Please use this identifier to cite or link to this item: https://hdl.handle.net/2440/55585
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Type: Journal article
Title: Bioavailability of an organophosphorus pesticide, fenamiphos, sorbed on an organo clay
Author: Singh, N.
Megharaj, M.
Gates, W.
Churchman, G.
Anderson, J.
Kookana, R.
Naidu, R.
Chen, Z.
Slade, P.
Sethunathan, N.
Citation: Journal of Agricultural and Food Chemistry, 2003; 51(9):2653-2658
Publisher: Amer Chemical Soc
Issue Date: 2003
ISSN: 0021-8561
1520-5118
Statement of
Responsibility: 
Neera Singh, M. Megharaj, W. P. Gates, G. J. Churchman, Jenny Anderson, R. S. Kookana, R. Naidu, Z. Chen, Phil G. Slade and N. Sethunathan
Abstract: Hydrolysis of an insecticide/nematicide, fenamiphos [ethyl-3-methyl-4-(methylthio)phenyl-(1-methylethyl)phosphoramidate], immobilized through sorption by cetyltrimethylammonium-exchanged montmorillonite (CTMA−clay) by a soil bacterium, Brevibacterium sp., was examined. X-ray diffraction analysis, infrared spectra, and a negative electrophoretic mobility strongly indicated that fenamiphos was intercalated within the bacterially inaccessible interlayer spaces of CTMA−clay. The bacterium hydrolyzed, within 24 h, 82% of the fenamiphos sorbed by the CTMA−clay complex. There was a concomitant accumulation of hydrolysis product, fenamiphos phenol, in nearly stoichiometric amounts. During the same period, in abiotic (uninoculated) controls, 4.6% of the sorbed insecticide was released into the aqueous phase as compared to 6.0% of the sorbed fenamiphos in another abiotic control where activated carbon, a sink for desorbed fenamiphos, was present. Thus, within 24 h, the bacterium hydrolyzed 77% more fenamiphos sorbed by organo clay than the amounts desorbed in abiotic controls. Such rapid degradation of an intercalated pesticide by a bacterium has not been reported before. Evidence indicated that extracellular enzymes produced by the bacterium rapidly hydrolyzed the nondesorbable fenamiphos, even when the enzyme itself was sorbed. Fenamiphos strongly sorbed to an organo clay appears to be readily available for exceptionally rapid degradation by the bacterium.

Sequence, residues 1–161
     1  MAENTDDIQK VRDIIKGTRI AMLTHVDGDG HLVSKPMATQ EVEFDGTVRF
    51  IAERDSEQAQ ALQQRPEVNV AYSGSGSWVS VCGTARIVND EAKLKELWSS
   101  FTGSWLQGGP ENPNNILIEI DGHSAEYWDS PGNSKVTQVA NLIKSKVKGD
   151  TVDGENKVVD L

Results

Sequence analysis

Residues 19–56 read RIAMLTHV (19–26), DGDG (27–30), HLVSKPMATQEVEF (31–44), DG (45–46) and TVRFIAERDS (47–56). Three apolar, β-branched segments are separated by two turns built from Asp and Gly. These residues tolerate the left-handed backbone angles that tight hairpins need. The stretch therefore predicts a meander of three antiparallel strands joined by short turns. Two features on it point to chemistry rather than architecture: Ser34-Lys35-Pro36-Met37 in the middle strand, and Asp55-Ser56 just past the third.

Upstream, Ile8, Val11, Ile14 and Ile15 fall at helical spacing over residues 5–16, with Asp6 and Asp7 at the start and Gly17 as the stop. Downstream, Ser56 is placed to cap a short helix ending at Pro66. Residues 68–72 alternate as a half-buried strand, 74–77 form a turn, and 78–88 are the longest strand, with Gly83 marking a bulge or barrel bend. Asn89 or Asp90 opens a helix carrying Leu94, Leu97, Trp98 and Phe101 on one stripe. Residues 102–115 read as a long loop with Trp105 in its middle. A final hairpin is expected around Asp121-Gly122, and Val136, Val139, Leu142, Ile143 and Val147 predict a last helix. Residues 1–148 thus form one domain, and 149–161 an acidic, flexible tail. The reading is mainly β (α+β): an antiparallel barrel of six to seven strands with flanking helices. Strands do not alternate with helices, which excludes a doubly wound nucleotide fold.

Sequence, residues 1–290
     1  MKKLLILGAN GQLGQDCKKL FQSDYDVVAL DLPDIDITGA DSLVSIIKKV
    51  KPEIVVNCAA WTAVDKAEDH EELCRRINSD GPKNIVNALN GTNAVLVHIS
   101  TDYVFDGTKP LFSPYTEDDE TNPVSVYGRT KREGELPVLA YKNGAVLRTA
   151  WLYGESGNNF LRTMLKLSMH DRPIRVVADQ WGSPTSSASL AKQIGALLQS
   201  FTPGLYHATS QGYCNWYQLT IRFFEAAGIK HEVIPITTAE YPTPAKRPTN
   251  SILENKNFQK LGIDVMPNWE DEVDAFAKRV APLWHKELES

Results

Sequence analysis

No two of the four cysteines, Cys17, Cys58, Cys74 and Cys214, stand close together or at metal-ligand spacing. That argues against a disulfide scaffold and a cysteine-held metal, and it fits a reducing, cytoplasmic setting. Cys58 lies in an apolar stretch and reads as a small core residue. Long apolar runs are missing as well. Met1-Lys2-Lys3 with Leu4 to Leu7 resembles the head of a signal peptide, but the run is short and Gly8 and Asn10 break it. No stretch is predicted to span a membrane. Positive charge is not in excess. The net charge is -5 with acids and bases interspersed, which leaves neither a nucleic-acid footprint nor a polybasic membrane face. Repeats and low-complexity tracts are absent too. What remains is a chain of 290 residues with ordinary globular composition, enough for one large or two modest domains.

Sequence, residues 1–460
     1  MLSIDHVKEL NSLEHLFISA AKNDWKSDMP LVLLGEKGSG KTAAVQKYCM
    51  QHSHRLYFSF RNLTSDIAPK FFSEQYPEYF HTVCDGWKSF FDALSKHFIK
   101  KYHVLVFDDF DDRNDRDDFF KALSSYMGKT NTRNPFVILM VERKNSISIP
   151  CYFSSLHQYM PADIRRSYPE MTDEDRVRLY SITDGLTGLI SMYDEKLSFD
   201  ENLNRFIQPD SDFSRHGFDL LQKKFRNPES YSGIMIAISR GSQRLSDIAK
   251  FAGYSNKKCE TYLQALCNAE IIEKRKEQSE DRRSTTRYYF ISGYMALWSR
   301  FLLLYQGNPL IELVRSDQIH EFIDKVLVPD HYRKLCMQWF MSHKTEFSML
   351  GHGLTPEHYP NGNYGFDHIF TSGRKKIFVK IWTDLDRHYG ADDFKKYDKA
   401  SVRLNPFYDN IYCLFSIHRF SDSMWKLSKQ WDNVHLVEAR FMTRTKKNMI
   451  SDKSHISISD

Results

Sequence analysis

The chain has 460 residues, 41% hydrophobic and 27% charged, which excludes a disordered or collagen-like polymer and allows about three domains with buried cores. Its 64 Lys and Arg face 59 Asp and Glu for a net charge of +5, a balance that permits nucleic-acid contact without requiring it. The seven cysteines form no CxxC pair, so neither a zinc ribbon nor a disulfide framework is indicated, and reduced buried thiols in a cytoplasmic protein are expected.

Keywords: Fenamiphos
organo clay
sorption
bioavailability
hydrolysis
DOI: 10.1021/jf025978p
Published version: http://dx.doi.org/10.1021/jf025978p
Appears in Collections:Aurora harvest
Earth and Environmental Sciences publications

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